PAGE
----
Dear Amy: I just started college and I’m living in a dorm for the first time in my life.
This has exacerbated a problem that I’ve had my whole life.
I’m not sure if I’m antisocial or asocial (or what), but I have a hard time making friends.
I came to college with a group of friends from high school. I like all of them, but I’ve always felt like I am on the periphery.
In high school, it was OK, because I had one close friend outside of the group, but she went to a different college on the other side of the country.
Here at school I feel like I have no real friends; no one ever objects to my joining in their plans, but I’m never invited to join in without my asking.
At home I was happy to be a bit of a loner, but suddenly I’m feeling internal pressure to spend more time being social and outgoing. I’ve only been here for a week, but already I’m having a hard time.
Lonely in the Dorm
Dear Lonely: I’d like to challenge a couple of your assertions.
First of all, you can make friends. You report that you have one close friend, and others you describe as “friends” from high school.
So, you actually have a track record of making friends.
You may think that the norm is to have more than one very close friend, but I don’t think that’s quite accurate. Many people have only one best friend – and one close and intimate friend is all most of us need. Your relationships will probably always fall into concentric rings, with very few people sharing the center with you.
Secondly, you need to realize that you are surrounded by people who are feeling just as you are now. The first month of college is socially more challenging and frightening than the first day of kindergarten.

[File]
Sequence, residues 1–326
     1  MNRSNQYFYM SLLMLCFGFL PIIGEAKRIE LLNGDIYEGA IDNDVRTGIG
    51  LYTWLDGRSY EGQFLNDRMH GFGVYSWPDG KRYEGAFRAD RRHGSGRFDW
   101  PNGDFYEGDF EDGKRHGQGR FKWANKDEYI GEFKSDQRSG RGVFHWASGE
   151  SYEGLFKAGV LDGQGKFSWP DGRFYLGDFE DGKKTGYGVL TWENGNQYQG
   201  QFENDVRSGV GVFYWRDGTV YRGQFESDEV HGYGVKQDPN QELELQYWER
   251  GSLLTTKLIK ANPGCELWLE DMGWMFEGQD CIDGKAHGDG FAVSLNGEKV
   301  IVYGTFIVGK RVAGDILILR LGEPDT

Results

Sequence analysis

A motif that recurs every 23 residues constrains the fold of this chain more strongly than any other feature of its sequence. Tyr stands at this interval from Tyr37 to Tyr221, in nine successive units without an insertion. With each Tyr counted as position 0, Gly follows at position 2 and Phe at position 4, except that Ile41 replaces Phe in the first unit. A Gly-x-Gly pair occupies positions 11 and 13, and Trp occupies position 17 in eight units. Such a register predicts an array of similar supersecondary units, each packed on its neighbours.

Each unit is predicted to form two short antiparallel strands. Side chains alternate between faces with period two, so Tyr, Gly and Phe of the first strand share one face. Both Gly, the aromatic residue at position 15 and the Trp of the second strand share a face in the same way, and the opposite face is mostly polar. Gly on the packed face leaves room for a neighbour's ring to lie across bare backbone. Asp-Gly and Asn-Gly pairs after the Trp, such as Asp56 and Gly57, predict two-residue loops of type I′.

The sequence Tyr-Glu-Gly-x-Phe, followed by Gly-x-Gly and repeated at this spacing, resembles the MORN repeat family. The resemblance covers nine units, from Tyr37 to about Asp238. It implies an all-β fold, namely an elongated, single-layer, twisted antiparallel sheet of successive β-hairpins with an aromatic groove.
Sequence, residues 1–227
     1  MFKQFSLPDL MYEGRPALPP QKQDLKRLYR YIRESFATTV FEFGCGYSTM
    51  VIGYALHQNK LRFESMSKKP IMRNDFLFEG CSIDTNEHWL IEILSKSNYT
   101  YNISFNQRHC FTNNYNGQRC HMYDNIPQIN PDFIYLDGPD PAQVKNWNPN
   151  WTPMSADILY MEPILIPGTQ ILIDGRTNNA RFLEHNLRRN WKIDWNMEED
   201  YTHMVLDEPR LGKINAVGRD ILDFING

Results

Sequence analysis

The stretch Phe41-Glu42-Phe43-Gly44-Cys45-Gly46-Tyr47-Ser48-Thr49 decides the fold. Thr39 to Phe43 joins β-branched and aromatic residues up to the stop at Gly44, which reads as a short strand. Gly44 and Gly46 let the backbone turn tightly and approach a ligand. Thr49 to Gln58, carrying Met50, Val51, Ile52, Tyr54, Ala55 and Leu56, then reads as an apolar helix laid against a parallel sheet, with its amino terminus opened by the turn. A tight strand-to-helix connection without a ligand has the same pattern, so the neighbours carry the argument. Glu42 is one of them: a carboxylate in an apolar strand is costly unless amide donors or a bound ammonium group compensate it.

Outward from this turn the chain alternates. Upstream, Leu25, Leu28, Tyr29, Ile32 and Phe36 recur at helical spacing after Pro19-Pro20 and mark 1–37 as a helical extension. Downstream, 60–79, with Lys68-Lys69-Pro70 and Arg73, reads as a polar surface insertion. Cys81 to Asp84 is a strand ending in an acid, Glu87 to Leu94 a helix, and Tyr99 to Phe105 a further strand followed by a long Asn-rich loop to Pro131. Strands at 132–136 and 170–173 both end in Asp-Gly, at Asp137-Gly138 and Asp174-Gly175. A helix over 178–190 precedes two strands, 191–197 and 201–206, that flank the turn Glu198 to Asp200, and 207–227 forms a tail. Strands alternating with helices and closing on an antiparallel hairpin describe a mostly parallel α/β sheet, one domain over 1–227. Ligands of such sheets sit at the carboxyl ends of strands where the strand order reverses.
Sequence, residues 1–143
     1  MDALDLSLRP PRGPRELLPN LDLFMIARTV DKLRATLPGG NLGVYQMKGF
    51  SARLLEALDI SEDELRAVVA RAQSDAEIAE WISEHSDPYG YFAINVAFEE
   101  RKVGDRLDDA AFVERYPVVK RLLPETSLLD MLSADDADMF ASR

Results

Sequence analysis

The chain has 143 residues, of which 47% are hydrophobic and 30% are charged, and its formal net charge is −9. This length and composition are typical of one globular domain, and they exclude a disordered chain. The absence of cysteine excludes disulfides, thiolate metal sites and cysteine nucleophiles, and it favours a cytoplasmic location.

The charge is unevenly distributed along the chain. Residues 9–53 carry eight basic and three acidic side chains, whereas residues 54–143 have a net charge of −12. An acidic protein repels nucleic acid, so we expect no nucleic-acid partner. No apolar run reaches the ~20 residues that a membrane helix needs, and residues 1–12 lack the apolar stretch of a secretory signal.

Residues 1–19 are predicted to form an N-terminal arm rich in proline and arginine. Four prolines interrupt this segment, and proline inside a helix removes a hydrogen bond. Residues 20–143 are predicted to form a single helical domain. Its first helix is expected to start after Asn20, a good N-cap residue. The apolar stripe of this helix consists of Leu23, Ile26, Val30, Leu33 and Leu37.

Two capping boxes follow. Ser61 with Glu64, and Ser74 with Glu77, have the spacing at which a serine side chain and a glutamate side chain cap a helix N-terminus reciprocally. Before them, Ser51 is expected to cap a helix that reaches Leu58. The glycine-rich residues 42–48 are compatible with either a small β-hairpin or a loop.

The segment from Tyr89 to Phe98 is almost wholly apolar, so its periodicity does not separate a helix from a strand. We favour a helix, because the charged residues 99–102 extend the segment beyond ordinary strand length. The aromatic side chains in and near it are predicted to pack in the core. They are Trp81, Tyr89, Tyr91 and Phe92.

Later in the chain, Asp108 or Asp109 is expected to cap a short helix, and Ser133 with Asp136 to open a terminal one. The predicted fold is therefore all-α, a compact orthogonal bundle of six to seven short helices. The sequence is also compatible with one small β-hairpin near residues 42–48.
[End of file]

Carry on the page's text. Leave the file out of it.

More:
And, just like in kindergarten, you are feeling anxious, awkward and isolated. This is a time to be very gentle with yourself as you tiptoe toward and away from relationships.
As classes start, a routine will emerge. You will be more occupied with your studies. You will gradually get to know others in your classes, cafeteria, library and dorm. You will also have the opportunity to join clubs and activities. Staying busy will help you to weather this awkwardness, and will put you in proximity to others without the pressure to be purely social.
Don’t put too much pressure on yourself to behave as you see others behaving. Share your feelings and frustrations with your bestie from home; she might be feeling the same way.
If you find yourself feeling depressed, worried or too isolated, visit the campus health center and ask to speak with a counselor.
Dear Amy: How do I tell the man in my life that his huge muffin top is a turn off for me? He is more than plump, Amy, he is obese.
He blames his diabetes on the fact that he cannot satisfy me sexually, but I maintain that it is his obesity that is the reason he has diabetes.
I do not want to insult him or cause him any embarrassment, but I need to get across to him that he has to lose at least 30 to 40 pounds. Even his daughter gives him grief about his weight.
Please tell me how to talk to him without hurting his feelings.
Dear Diabetes: Don’t shame him because of his weight, but do get him to a doctor. He needs to fully understand the relationship between his weight and diabetes. And yes, diabetes can cause impotence.
A fitness tracker might provide some motivation for him to get more exercise, which will be good for his circulation. Start walking together each day.
With help from a nutritionist and encouragement from you, he can start to eat better, move more and improve his health dramatically.
Dear Amy: I’m afraid you got had by the person (“Pokemon Went”) who wrote the letter about being left out while her partner played Pokemon Go.
In the letter, she uses lots of Pokemon Go terminology, which made me realize it was a goof.
Dear Alert: Many readers picked up on this. Thank you! I thought the letter was cleverly describing a common phenomenon. I agree it was possibly a goof, but I don’t regret running it.
Email Amy Dickinson at firstname.lastname@example.org.